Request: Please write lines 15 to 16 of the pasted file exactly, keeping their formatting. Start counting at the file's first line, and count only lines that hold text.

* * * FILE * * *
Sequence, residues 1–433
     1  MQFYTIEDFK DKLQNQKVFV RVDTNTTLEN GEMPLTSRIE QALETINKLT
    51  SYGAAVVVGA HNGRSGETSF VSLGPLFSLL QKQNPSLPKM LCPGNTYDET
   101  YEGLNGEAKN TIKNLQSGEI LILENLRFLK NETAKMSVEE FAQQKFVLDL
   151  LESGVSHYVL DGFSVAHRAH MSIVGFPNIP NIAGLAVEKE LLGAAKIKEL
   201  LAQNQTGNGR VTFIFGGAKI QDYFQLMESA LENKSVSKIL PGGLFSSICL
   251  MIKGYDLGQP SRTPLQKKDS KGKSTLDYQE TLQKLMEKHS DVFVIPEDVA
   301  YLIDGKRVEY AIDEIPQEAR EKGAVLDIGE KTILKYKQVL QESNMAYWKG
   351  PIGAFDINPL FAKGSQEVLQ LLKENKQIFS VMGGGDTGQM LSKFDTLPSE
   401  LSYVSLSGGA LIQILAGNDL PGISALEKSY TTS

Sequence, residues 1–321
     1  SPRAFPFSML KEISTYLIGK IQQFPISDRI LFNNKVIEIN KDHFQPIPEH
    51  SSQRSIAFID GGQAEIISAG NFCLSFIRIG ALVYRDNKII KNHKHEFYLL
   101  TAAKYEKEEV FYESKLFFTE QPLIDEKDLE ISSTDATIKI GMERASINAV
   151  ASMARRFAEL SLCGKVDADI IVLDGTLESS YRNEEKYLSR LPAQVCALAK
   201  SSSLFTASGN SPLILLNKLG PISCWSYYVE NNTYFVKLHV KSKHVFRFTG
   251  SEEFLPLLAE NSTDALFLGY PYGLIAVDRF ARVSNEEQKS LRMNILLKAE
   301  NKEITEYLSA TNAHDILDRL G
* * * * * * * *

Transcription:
   151  ASMARRFAEL SLCGKVDADI IVLDGTLESS YRNEEKYLSR LPAQVCALAK
   201  SSSLFTASGN SPLILLNKLG PISCWSYYVE NNTYFVKLHV KSKHVFRFTG